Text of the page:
Many books have been written about the University of Chicago over its 120-year history, but most of them focus on the intellectual environment, favoring its great thinkers and their many breakthroughs. Yet for the students and scholars who live and work here, the physical university—its stately buildings and beautiful grounds—forms an important part of its character.
Building Ideas: An Architectural Guide to the University of Chicago explores the environment that has supported more than a century of exceptional thinkers. This photographic guide traces the evolution of campus architecture from the university’s founding in 1890 to its plans for the twenty-first century.
When William Rainey Harper, the university’s first president, and the trustees decided to build a set of Gothic quadrangles, they created a visual link to European precursors and made a bold statement about the future of higher education in the United States. Since then the university has regularly commissioned forward-thinking architects to design buildings that expand—or explode—traditional ideals while redefining the contemporary campus.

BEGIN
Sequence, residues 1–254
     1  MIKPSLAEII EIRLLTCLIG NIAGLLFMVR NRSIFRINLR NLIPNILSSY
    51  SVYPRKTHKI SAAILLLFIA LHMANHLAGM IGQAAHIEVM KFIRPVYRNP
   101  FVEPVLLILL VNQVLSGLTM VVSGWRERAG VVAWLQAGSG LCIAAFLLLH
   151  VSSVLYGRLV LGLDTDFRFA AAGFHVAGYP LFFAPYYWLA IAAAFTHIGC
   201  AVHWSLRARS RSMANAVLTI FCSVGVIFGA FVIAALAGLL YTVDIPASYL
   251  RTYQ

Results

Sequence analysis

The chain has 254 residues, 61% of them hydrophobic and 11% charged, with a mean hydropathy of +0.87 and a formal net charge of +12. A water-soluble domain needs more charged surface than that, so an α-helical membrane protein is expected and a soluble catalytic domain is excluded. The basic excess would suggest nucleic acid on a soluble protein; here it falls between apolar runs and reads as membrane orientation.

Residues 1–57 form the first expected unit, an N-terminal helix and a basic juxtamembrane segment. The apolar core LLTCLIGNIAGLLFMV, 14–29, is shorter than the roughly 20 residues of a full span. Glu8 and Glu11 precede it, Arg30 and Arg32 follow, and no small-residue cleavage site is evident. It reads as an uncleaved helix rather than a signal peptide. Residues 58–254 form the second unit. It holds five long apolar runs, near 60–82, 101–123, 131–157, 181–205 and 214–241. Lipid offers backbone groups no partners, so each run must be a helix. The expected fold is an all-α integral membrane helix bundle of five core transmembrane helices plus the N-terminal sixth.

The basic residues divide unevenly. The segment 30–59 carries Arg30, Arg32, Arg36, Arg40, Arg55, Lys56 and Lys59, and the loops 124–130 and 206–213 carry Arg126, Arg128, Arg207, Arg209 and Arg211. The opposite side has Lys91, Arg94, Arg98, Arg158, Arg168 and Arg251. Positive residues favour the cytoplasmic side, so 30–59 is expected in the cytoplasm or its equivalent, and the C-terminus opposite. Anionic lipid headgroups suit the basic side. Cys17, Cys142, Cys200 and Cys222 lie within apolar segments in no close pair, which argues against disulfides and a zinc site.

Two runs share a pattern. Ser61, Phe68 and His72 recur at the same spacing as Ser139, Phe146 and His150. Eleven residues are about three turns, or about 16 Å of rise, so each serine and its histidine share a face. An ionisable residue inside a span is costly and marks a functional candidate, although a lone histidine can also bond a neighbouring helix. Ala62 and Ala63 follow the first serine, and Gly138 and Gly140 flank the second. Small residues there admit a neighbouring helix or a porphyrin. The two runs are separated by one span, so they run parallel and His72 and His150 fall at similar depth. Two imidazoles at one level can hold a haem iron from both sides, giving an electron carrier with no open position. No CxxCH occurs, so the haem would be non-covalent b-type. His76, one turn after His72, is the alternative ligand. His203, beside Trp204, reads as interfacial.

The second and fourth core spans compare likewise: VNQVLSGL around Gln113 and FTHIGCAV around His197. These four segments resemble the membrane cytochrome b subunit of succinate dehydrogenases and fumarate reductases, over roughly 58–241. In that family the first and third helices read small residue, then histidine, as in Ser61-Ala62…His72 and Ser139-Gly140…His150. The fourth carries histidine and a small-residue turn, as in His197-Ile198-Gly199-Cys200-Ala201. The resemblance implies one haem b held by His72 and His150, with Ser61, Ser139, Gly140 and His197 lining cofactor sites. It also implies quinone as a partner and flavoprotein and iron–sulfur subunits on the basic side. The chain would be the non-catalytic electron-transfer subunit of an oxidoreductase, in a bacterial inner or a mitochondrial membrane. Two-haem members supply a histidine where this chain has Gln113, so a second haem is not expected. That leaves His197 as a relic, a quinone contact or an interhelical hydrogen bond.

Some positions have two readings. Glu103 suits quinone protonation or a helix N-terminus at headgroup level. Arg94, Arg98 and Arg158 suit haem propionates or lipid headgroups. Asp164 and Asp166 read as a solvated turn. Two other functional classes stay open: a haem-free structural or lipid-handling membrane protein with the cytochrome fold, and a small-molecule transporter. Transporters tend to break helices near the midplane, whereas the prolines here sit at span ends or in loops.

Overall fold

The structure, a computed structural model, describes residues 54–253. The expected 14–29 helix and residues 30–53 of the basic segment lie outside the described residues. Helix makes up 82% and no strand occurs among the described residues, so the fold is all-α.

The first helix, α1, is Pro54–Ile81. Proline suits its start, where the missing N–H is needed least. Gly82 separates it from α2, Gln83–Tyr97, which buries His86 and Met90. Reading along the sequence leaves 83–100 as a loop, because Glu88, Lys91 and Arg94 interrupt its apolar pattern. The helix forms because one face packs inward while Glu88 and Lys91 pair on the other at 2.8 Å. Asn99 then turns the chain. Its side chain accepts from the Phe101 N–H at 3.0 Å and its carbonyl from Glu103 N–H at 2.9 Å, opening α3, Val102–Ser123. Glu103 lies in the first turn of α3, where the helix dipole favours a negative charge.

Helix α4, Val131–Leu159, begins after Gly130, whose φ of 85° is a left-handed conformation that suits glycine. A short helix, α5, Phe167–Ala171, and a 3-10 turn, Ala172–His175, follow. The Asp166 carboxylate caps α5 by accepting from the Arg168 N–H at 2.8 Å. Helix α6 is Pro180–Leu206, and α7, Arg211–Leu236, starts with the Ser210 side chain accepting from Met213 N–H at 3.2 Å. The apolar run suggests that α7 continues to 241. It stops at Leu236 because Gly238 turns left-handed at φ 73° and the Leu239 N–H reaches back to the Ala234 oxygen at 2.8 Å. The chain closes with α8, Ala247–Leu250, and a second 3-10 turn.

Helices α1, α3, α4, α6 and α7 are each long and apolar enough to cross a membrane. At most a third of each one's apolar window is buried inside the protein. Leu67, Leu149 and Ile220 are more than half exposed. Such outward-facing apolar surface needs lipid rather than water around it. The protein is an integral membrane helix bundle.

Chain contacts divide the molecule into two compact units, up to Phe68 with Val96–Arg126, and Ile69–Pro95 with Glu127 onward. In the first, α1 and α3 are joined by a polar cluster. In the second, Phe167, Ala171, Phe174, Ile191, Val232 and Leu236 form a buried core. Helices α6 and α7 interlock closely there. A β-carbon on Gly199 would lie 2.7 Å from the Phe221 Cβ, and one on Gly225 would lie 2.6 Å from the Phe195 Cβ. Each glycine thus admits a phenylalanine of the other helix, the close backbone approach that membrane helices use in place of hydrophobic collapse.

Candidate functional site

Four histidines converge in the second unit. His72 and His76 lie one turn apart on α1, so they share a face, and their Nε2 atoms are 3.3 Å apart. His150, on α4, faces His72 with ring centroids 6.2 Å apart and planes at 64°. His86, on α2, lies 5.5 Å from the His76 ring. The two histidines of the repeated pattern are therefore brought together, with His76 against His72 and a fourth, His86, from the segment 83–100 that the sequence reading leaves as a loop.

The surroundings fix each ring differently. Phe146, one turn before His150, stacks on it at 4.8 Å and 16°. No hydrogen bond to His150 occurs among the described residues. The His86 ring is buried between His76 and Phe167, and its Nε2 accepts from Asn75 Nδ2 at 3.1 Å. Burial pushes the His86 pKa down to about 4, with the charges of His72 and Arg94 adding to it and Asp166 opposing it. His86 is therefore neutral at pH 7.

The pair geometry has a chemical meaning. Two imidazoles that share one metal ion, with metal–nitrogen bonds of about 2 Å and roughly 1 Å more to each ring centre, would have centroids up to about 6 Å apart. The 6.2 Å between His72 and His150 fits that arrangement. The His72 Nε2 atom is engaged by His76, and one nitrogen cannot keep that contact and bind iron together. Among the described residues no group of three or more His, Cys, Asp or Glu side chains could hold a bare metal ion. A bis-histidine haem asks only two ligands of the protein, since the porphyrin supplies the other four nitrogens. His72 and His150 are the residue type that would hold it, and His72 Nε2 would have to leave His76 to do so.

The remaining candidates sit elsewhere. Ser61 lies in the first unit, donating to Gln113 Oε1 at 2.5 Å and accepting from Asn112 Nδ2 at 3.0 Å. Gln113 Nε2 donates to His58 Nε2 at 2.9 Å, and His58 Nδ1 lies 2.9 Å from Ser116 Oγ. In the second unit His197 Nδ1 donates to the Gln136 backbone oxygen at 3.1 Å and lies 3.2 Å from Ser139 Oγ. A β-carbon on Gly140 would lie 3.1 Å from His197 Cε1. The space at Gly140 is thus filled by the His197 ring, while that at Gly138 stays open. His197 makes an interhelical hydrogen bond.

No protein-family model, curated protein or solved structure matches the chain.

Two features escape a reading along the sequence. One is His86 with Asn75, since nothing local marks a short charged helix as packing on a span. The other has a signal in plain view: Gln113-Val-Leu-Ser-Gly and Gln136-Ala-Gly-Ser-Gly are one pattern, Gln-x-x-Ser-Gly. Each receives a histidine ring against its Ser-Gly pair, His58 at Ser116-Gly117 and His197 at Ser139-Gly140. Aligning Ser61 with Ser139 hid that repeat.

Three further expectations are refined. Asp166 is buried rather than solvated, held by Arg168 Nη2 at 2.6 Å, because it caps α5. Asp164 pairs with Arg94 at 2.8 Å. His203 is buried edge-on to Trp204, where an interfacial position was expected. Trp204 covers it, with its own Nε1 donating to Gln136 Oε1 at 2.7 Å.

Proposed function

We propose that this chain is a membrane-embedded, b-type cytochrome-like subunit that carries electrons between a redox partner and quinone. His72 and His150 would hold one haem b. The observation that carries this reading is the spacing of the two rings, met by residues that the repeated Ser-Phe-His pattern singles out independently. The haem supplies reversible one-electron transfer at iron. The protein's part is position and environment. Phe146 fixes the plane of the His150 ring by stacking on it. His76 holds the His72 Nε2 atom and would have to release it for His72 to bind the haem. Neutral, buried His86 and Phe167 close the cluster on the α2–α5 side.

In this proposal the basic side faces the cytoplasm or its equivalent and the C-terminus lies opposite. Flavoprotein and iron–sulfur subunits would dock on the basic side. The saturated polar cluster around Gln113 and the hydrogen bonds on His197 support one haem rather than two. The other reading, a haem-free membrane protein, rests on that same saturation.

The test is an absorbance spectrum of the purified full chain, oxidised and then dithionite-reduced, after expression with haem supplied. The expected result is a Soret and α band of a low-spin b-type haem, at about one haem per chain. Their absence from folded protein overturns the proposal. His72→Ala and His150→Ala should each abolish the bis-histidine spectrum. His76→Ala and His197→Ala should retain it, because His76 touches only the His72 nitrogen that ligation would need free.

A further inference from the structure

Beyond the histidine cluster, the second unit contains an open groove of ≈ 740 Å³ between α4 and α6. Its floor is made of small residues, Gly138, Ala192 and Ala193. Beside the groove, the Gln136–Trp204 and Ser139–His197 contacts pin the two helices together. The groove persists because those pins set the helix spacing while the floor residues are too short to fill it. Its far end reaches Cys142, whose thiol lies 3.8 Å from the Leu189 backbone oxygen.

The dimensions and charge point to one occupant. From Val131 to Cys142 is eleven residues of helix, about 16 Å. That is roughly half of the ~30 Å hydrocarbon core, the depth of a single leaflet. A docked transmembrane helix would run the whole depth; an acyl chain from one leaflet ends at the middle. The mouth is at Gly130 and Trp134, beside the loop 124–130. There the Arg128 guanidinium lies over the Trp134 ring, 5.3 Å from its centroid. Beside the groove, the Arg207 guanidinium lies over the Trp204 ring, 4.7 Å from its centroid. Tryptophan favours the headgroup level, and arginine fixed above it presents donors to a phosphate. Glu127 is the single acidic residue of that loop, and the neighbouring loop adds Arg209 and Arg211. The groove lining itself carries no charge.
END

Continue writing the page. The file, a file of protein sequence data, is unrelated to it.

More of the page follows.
Full of panoramic photographs and exquisite details, Building Ideas features the work of architects such as Frank Lloyd Wright, Henry Ives Cobb, Holabird & Roche, Eero Saarinen, Ludwig Mies van der Rohe, Walter Netsch, Ricardo Legorreta, Rafael Viñoly, César Pelli, Helmut Jahn, and Tod Williams Billie Tsien Architects. The guide also includes guest commentaries by prominent architects and other notable public figures. It is the perfect collection for Chicago alumni and students, Hyde Park residents and visitors, and anyone inspired by the institutional ideas and aspirations of architecture.